Ruben Ramos A Class Act (Revolution)
A Class Act (Revolution)
Reviewed by Raoul Hernandez, Fri., May 5, 2000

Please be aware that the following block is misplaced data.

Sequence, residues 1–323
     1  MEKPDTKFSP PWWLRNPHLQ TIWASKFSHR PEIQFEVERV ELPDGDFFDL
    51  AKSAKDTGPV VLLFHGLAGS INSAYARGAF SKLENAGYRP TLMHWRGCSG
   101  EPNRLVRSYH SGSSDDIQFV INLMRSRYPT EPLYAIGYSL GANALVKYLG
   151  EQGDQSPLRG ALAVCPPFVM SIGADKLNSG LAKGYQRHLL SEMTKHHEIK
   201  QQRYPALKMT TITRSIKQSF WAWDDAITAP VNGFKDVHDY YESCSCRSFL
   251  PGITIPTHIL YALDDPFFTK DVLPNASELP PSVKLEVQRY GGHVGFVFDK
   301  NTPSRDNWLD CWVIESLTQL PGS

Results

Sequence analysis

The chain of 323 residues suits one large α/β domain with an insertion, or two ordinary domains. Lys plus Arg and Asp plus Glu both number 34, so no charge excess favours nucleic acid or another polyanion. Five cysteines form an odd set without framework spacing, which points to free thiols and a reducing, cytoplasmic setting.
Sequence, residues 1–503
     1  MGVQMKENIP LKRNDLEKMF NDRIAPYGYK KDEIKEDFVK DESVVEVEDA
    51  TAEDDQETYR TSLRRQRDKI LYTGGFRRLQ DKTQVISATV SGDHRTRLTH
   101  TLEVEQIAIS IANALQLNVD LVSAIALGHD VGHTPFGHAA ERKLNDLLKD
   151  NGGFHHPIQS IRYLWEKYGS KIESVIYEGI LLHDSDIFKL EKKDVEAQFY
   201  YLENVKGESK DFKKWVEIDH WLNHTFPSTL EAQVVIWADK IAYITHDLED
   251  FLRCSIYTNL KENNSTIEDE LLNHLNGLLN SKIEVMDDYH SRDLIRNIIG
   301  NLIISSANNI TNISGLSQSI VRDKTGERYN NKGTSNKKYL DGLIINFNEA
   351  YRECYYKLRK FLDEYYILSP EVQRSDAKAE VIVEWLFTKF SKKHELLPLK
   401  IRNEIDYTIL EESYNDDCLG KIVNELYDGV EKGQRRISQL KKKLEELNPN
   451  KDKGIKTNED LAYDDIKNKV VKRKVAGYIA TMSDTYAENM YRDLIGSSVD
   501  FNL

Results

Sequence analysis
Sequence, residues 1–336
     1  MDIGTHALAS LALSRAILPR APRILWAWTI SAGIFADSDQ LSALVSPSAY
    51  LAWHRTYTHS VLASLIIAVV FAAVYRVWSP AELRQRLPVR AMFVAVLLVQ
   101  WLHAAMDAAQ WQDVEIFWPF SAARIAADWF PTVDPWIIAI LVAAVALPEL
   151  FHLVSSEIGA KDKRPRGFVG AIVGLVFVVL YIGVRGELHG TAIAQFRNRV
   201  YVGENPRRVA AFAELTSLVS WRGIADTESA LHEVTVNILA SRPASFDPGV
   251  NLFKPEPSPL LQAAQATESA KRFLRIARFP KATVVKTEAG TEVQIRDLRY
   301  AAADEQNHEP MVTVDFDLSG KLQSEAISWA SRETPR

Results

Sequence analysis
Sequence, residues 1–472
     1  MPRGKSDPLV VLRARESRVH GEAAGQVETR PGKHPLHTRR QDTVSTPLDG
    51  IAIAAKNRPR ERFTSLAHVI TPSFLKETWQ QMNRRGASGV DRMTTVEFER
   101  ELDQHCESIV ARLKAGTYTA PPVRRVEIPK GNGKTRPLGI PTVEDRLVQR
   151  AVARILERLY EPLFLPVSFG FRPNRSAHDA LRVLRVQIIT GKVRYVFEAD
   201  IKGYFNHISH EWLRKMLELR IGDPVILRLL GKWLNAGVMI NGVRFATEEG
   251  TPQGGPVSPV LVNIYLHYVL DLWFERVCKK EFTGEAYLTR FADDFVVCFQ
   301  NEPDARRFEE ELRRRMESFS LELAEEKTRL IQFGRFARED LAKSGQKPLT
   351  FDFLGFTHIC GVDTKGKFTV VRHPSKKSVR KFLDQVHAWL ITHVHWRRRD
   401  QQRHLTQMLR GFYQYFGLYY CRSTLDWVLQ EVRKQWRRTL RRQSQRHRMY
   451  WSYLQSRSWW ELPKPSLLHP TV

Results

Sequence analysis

A Class Act (Revolution)El Gato Negro is on a roll. Pictured on the back of his latest Class Act grinning like a Cheshire cat, East Austin's Tex-Mex maestro hoists his one-seventh share of 1998-99's Los Super Seven booty with glee. Considering A Class Act outclasses the local singer's previous classy LPs while holding its own with the all-star supergroup's eponymous recording, one trusts the Recording Academy (or whatever) will remember Ramos' latest when Grammy time rolls around again. Boasting a bandstand heavy with horns -- two trumpets, two trombones, three saxophones -- as well as duets with local LS7 alums Rick Trevino and Flaco Jiménez, A Class Act sounds big-budget, even as much of his competition comes off like two Casio keyboards and a bad exchange rate on the peso. Big difference, and here the production punch fills out Ramos' traditional sound. The airy, lilting "Vivir Sin Aire," whose brass and reed chorus turns yearning into reverie; Flaco's familiar, accordion-driven antics on "Pedacito de Mi Vida"; a two-stepping, horn-blown duet of "Oye Compadre" with Ruben's brother Alfonso; and the old-timey ballad "Estoy Pensando en Ti" deserve fans of the Buena Vista Social Club seeking out some Spanish delicacies here on the northern half of the Americas. A cover of Kris Kristofferson's "Un Dia a la Vez" caps off A Class Act like an album track from a hoped-for Los Super Seven sophomore effort. Until that occurs, El Gato Negro will just have to make do with his one measly Grammy!